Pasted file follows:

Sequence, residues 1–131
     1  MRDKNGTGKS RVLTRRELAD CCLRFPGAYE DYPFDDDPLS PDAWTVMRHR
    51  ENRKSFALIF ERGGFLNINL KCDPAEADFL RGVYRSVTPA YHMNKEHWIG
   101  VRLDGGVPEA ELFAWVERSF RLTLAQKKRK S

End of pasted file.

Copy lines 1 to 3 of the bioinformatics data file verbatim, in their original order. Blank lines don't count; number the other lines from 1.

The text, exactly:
Sequence, residues 1–131
     1  MRDKNGTGKS RVLTRRELAD CCLRFPGAYE DYPFDDDPLS PDAWTVMRHR
    51  ENRKSFALIF ERGGFLNINL KCDPAEADFL RGVYRSVTPA YHMNKEHWIG